Starting off the weekend with some Belgian Früli Strawberry Beer, so good! instagram.com/p/ZbpTWbDTQB/
It’s been quite a while since we’ve done a Weekly Favorites post, actually it’s been almost 3 months!
A little while ago we decided that we wanted to have more content about our home and current renovations but really miss some of the original elements like our weekly favorites and architecture posts. After realizing it’s been almost 3 months since our last Weekly Favorites post, I think it’s about time!
Here are some our favorite things this week, inspired by late spring and summer:
1. Siwa Tote Bag from Mjolk – $45
2. Water Pitcher from DWR – $85
3. Cutting Board from Analogue Life – $180
4. The New Brooklyn Cookbook from Terrain – $40
5. Bertoia Side Chair from DWR – $500
6. Rocking Glasses from Mjolk – $27
7. Mediterranean Trio from Terrain – $124
8. Vintage Wire Frame Basket from Hindsvik – $18 ON SALE!
9. Rusa Dining Table from DWR – $2,800
10. Maple Syrup Buckets from Hindsvik – $24
11. Antique Display Rack from Hindsvik – $89
12. Table Brush Set from Mjolk – $38
13. Ames Farm Sweet Clover Honey from Terrain – $10
14. Nos Da Blaknet from DWR – $295
We wanted to revisit a previous post we did about our Favorite Scandinavian Design Blogs back in January. We had a lot of great new Scandinavian design blog suggestions and wanted to add some of the ones you shared in the comments, and a few more of our favorites as well in Round 2!
So here they are, starting from the photo above in no particular order:
Feel free to add these to your bookmarks bar and let us know if there’s any more great Scandinavian design blogs that we missed?
This beautiful building designed by London-based firm Haworth Tompkins resides in the Suffolk County in the UK. The building was built as an extension campus for Aldeburgh Music and is used by artists in residence and by musicians as well as a rehearsal or performance space and for meetings and temporary exhibitions.
“The new form of the building expresses the internal volume of the Victorian structure as a Cor-ten “lining” – which is also known as weathered steel.
We love the sharp, modern lines of the new building in contrast with the antique brick of the original building.
We also love the rusty/copper color of the new building and how it fits so well with the other buildings on the campus.
A large north roof window provides light for the artists and a small mezzanine platform with a writing desk incorporates an open corner window that gives long views over the marshes along the sea (see below).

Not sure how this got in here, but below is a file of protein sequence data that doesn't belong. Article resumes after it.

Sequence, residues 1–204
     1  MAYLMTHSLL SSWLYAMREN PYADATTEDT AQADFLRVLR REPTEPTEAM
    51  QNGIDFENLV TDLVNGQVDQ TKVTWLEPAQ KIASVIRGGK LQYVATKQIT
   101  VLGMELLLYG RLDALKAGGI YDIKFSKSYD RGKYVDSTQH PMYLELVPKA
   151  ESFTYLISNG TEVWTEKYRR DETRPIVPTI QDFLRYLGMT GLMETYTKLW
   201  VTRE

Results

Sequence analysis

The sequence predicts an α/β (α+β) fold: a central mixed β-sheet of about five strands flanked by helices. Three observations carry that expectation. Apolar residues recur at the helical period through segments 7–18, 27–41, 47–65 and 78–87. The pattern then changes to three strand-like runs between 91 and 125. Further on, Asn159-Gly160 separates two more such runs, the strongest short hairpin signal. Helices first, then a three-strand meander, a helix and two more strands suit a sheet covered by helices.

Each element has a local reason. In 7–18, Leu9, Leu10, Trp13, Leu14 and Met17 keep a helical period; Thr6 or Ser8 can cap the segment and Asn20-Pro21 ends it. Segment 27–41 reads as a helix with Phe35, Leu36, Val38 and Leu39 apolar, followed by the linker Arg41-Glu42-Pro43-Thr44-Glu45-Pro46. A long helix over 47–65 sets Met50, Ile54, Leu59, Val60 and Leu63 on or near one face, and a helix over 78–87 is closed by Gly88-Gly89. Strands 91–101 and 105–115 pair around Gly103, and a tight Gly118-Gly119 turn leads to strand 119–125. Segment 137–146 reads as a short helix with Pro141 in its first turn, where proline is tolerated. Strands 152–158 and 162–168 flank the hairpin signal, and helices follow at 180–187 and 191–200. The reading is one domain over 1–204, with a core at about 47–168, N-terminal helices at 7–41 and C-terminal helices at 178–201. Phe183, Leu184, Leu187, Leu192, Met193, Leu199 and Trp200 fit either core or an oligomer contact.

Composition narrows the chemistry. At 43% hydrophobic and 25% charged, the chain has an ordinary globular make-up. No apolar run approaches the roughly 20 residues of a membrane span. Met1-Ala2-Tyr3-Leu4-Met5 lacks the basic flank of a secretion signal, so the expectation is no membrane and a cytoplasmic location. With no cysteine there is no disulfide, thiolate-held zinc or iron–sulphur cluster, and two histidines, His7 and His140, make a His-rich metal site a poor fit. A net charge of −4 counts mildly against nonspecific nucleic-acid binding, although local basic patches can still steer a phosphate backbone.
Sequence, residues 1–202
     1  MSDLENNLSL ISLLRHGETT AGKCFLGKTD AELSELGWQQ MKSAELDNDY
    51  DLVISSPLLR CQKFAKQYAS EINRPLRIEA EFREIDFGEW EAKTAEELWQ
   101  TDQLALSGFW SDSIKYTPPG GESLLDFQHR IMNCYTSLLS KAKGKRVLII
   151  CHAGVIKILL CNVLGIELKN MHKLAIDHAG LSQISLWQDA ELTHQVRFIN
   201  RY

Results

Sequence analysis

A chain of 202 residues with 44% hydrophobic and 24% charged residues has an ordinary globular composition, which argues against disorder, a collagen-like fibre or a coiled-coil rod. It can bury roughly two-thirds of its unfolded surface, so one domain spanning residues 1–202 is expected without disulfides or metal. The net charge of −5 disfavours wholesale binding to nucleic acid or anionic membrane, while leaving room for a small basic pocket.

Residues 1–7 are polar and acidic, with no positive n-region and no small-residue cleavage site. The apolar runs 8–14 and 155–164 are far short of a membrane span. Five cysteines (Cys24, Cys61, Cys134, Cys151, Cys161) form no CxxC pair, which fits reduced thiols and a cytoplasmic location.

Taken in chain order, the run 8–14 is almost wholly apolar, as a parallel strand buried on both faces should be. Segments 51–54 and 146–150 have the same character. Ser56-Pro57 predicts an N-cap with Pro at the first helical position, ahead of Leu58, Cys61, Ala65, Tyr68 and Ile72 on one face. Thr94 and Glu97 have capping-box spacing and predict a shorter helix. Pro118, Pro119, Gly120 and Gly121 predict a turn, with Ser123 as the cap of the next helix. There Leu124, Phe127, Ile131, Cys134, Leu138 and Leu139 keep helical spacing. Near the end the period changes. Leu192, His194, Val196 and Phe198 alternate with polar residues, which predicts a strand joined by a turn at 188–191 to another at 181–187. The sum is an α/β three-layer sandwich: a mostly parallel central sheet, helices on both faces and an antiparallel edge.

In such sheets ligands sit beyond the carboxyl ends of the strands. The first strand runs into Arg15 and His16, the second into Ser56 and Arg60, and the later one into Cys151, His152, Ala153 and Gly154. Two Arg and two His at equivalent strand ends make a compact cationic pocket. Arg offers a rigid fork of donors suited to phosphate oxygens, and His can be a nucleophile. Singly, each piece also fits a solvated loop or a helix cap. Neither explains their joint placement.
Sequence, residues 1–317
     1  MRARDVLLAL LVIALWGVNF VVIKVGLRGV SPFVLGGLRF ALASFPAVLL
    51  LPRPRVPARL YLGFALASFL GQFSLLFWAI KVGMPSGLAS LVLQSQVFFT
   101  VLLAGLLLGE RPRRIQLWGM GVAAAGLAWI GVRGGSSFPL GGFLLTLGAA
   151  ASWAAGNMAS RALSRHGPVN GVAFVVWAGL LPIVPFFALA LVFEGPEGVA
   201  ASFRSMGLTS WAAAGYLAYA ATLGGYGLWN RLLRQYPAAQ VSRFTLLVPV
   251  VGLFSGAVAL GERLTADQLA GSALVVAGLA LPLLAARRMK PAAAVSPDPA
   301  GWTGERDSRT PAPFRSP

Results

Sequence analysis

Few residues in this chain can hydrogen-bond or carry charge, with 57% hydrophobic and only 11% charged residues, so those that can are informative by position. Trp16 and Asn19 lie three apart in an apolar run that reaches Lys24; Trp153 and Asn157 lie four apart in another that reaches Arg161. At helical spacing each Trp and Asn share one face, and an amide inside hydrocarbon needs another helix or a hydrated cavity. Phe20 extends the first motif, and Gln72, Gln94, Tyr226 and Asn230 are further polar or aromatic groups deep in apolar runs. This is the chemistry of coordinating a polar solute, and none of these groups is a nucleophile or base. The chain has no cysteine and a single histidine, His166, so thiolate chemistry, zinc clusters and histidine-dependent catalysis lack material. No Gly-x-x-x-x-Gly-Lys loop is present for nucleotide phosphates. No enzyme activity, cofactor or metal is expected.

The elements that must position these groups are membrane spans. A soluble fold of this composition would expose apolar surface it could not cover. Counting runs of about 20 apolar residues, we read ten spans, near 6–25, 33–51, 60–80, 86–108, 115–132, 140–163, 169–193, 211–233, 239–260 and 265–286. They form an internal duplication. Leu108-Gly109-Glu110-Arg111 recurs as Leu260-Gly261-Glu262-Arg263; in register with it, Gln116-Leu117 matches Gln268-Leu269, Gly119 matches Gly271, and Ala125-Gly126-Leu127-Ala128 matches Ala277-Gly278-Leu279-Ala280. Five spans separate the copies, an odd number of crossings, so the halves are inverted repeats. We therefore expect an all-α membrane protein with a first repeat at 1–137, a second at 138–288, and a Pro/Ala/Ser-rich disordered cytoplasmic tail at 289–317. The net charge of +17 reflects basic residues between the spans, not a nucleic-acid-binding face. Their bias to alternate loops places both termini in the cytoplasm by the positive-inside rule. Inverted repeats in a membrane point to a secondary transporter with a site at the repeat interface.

The interior is a light spruce plywood that looks great with the contrasting black steel accents.
The architecture firm kept as many original characteristics of the old building as possible when designing. Decaying existing windows were left alone and vegetation growing over the dovecote was protected to allow it to continue the natural process of ageing and decay.
Once complete, the new welded prefab building was craned into position.
This beautiful Melbourne apartment renovation by Edwards Moore was designed to create more space by stripping away dividing walls and focusing on the concept of a continuous living space. The concept is called “Raumplan” which was developed by architect Adolf Loos in the 1920′s.
“Dubbed Cubby House, the project is filled with reclaimed materials and features transforming spaces that define multiple functions, and has reflective views that increase indoor natural lighting.”
We love the chipboard wood kitchen and huge floor to ceiling shelving space!
The reclaimed materials used in the apartment include limed timber, OSB, sisal, vic ash and white concrete for the flooring.
Glazed panels reflect the natural light coming from the skylights above and the glass divider makes for a more open space.
We also love the combination of the white ceramic tiling throughout the bath areas and the neutral color scheme with pops of color from the saturated wood.